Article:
ORLANDO -- A few dozen Democratic activists gathered in a small and steamy convention center room Saturday morning where they were told they would hear the Florida Democratic Party’s plan to start winning statewide elections. Or, as some Democrats see it, stop losing them.

The blue print? Compete in all 67 counties. Build the ground game earlier. Engage minority groups. Register more voters.

The presentation lasted all of 15 minutes. The reaction was a resounding: “That’s it?”

Florida Democrats from across the state are huddling in Orlando this weekend to regroup after 2018′s devastating losses and to plan for 2020. There is an anxiety hanging over the three-day summit, with Democrats fearful the country’s most important swing state will help President Donald Trump win another four years in office.

Nowhere was that angst more palpable than the room where Democratic leaders unveiled the preliminary results of the “Path to Power,” a months long reflection on why the Blue Wave seemed to miss Florida last year. Hands of grassroots activists and local party leaders shot up across the room after former state Reps. Sean Shaw and Cynthia Chestnut finished their brief power point.

Where was the analysis of where and how Democrats lost its senior senator Bill Nelson by 12,000 votes and a governor’s race by 32,000? Is the party investing in large counties where voter turnout lagged? What’s the strategy to keep growing counties like Pasco from turning more red?

“We cannot be ignored at the risk of losing statewide elections again and again and again,” said John Ford with Pasco County Democrats.

MORE TIMES POLITICAL COVERAGE: How felons can register to vote in Florida under new Amendment 4 bill

Florida officials wanted an elections cybersecurity team. Lawmakers said no.

Trump needs Florida in 2020. He obviously knows that.

Heads shook as Shaw and Chestnut struggled to appease concerns. Others said the party didn’t listen to what its own members from across the state had to say. For example, the Path to Power commission didn’t get to see the results of a statewide survey of local party officials on the 2018 election, which Shaw acknowledged was frustrating.

To many, the outlook sounded just like what they heard after narrow loses in 2010 and 2014.

“I didn’t see any groundbreaking ideas,” said Stacey Patel, chair of the Brevard County Democrats. “We’ve seen reports like this before, but then they sit on the shelf. How are we going to actually get this done?”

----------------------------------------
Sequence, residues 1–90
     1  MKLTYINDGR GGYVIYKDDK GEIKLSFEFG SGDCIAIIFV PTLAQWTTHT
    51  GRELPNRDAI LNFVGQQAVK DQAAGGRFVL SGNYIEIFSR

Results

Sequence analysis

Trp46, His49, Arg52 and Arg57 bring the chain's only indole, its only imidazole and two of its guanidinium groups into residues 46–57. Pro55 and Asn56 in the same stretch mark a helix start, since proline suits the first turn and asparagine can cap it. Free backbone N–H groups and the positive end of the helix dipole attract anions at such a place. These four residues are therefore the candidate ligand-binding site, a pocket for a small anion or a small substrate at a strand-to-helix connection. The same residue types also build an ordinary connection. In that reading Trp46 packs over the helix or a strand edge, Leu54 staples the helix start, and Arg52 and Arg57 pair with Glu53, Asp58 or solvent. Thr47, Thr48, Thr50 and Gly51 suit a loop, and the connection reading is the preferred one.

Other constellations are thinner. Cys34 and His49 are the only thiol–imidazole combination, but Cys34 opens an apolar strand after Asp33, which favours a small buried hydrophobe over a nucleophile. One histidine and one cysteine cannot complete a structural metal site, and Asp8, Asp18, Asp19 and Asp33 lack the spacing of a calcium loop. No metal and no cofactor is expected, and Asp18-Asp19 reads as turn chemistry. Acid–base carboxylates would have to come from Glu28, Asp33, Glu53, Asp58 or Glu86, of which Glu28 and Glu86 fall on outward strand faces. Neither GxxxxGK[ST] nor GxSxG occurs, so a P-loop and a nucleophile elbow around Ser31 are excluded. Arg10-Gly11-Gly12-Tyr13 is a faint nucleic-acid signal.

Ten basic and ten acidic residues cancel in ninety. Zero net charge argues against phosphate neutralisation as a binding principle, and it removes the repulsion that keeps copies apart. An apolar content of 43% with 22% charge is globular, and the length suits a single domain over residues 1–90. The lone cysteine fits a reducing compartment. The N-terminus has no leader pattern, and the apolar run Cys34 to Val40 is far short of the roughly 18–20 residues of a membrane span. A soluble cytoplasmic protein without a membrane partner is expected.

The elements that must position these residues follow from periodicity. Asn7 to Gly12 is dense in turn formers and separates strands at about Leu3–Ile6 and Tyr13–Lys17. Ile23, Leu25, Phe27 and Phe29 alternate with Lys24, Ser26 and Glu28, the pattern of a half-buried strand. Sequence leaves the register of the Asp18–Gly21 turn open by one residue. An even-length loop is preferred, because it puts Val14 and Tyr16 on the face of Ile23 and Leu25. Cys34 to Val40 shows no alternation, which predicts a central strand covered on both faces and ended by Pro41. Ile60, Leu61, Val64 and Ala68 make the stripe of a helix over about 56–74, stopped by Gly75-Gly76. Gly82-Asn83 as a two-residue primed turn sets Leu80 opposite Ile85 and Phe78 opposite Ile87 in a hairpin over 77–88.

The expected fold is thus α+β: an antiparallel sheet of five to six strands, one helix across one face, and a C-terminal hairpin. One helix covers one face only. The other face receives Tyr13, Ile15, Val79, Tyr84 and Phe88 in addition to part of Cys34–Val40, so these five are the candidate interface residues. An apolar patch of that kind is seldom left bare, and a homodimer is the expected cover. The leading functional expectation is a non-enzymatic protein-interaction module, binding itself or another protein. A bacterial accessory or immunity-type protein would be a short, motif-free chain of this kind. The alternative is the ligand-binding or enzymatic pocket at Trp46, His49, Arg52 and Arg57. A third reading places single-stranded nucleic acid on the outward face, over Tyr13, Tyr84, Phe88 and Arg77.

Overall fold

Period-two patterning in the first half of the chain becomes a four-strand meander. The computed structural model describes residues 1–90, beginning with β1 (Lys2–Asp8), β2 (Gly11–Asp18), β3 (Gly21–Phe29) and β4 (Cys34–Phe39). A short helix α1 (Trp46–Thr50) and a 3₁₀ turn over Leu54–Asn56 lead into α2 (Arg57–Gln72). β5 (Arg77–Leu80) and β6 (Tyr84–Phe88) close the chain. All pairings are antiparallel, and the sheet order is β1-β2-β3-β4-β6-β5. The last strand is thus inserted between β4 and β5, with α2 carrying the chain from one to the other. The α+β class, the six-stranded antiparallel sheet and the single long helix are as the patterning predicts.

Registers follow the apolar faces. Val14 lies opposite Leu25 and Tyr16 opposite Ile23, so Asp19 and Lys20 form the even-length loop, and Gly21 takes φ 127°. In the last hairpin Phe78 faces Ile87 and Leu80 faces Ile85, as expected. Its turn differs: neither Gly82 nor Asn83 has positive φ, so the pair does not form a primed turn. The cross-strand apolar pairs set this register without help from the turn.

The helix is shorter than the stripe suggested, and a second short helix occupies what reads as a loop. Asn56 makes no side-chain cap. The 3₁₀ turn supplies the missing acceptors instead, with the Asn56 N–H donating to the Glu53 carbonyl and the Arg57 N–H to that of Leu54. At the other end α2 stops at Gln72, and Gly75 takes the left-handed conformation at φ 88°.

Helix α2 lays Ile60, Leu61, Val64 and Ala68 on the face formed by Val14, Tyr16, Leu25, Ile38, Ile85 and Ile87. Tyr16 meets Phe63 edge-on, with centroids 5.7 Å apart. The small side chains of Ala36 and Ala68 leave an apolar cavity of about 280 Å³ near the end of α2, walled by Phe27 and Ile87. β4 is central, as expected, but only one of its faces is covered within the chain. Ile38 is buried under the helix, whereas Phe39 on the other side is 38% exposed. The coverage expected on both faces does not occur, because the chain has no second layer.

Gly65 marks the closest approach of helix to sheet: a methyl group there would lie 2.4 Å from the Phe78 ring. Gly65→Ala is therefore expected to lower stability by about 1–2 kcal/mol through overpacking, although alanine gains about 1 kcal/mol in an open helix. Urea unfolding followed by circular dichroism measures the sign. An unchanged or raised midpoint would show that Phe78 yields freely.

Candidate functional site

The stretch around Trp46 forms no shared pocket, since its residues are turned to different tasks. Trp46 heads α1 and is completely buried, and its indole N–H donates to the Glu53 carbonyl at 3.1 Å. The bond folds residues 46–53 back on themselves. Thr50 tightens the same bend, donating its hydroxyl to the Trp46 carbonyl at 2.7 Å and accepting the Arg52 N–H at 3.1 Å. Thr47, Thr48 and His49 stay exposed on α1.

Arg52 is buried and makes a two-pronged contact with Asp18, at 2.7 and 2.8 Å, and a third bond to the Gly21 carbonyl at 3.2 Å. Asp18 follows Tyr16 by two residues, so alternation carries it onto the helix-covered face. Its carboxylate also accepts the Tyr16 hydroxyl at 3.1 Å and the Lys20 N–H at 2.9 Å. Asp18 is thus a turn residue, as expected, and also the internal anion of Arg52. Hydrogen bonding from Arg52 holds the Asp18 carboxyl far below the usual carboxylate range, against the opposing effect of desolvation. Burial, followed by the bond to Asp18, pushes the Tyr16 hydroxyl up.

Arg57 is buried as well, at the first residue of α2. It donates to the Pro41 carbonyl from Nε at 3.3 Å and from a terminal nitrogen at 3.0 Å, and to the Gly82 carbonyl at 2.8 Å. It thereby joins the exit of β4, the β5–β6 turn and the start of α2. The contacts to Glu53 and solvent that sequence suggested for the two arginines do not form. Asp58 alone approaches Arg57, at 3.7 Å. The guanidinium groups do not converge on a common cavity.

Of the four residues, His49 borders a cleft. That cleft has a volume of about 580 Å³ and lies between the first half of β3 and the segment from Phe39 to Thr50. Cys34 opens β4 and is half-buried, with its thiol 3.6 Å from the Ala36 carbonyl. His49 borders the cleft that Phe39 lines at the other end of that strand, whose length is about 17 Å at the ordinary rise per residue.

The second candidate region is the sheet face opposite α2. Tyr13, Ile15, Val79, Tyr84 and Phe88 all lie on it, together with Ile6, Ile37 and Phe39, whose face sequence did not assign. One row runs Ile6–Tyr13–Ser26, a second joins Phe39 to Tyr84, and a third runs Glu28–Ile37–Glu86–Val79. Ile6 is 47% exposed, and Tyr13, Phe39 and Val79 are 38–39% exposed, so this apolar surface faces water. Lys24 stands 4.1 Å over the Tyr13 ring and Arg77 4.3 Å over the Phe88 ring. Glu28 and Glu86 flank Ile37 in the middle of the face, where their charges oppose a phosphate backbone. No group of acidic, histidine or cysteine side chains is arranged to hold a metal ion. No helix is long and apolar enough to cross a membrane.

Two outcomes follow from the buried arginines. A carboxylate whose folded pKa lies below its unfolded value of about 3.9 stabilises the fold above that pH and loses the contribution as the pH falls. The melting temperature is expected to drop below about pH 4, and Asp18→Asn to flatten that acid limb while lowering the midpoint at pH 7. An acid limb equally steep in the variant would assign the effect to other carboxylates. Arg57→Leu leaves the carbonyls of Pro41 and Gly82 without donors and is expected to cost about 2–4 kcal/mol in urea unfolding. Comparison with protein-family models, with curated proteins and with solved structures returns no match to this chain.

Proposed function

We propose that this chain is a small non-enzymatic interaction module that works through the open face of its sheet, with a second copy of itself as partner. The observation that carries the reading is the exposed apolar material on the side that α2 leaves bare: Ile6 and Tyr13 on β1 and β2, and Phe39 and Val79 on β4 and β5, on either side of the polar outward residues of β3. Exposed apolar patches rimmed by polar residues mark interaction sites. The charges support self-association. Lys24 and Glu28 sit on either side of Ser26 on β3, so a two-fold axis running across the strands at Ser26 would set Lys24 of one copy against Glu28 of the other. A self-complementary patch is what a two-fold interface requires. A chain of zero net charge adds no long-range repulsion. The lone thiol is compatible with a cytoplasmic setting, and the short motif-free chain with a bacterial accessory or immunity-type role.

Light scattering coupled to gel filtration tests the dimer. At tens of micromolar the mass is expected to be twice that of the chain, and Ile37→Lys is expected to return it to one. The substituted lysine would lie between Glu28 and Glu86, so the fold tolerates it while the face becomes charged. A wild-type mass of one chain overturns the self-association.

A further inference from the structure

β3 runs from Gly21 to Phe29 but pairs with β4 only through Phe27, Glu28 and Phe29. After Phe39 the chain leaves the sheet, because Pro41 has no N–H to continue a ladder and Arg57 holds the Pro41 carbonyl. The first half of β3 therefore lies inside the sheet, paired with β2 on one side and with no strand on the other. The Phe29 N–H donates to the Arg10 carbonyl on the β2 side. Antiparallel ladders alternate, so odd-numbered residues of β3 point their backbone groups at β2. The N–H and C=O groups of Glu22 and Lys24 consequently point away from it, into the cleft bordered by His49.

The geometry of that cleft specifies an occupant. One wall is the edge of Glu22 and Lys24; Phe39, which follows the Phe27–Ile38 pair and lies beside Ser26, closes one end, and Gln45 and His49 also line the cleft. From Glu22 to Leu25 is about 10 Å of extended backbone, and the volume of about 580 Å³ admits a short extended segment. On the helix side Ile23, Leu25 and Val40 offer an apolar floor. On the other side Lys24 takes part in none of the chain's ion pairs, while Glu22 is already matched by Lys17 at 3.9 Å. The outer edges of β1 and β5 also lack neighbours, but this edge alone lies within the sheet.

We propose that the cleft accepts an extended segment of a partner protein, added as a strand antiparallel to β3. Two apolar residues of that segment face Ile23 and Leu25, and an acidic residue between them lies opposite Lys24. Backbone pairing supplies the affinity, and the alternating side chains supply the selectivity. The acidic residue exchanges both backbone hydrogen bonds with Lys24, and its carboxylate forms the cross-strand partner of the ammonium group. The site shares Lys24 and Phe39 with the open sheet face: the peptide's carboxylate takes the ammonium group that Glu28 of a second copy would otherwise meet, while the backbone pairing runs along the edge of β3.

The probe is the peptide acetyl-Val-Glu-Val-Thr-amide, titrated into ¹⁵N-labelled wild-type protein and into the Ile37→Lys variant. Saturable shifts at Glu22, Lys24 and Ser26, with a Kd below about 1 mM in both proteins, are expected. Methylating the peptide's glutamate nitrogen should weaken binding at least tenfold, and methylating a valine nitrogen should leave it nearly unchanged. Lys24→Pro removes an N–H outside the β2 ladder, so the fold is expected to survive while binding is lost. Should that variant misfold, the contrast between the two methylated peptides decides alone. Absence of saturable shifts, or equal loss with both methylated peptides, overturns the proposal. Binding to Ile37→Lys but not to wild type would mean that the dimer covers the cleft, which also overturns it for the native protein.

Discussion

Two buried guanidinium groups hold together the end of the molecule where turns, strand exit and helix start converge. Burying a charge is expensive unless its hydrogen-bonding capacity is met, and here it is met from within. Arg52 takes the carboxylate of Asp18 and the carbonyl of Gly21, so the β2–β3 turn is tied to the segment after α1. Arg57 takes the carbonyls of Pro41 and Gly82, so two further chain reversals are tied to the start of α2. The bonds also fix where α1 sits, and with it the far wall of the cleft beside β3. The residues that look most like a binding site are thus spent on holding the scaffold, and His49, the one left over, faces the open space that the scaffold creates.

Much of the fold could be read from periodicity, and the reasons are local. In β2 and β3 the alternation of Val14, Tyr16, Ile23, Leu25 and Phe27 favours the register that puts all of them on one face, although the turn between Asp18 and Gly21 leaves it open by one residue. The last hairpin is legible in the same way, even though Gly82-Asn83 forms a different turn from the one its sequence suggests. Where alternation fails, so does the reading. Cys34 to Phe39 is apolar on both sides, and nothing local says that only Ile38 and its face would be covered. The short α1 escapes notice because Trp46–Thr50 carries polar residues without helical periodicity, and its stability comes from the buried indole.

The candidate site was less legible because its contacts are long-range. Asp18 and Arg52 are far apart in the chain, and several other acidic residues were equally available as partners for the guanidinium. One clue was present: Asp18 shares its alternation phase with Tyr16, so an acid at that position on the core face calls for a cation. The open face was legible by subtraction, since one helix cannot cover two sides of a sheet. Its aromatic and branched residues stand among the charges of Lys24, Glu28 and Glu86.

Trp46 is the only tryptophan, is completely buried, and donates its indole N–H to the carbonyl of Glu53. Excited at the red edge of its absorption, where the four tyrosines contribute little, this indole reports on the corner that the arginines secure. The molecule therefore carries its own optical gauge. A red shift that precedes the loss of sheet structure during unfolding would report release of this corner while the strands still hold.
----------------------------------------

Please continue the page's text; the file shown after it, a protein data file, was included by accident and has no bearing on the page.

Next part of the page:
If the solutions sound simple, Shaw said, that’s because they are. Some of the basics of running a statewide campaign -- following up on vote-by-mail ballots, registering new voters, sustained outreach in bedrock voting blocs -- have long eluded the Florida Democratic Party. It’s not enough that Democratic registrations outnumber Republicans by 250,000.

“It’s not genius stuff,” Shaw said, while also emphasizing that the report was not finalized yet. “This is just blocking and tackling and putting the resources behind it to do it.”

Other 2018 failures were acknowledged. Chestnut lamented the party’s reliance on out-of-state consultants to orchestrate outreach in minority communities.

In Alachua County last year, "someone was brought in from Oregon to work in the African-American community -- all of the two black people in Oregon,” Chestnut said. The quip elicited laughs and broke up some of the tension, but the point, Chestnut assured, was to say that they won’t make that mistake again.

“The commitment is here to grow from local talent," she said.

The party is putting many of its eggs in Andrew Gillum’s pledge to engage 1 million new voters by 2020 with the $3 million he has left over from his unsuccessful campaign for governor. Gillum has been treated like a rock star in Orlando, with no signs that Democratic rank-and-file are concerned by recent news that he is a focal point of a new federal grand jury subpoena.

In a packed reception room Friday, Gillum posed for selfies and encouraged supporters to ignore the noise and stay focused on 2020.

“If we’re even marginally successful in this effort, say we don’t hit the 1 million person mark, if we get 250,000 people into the process here in the state of Florida," Gillum said, "that can be pivotal to what happens to Florida’s 29 electoral (college) votes.”

MORE ON ANDREW GILLUM: Federal subpoena demands records on Andrew Gillum and his campaign for governor

Andrew Gillum agrees to $5,000 ethics fine.

Records show FBI agents gave Andrew Gillum tickets to ‘Hamilton’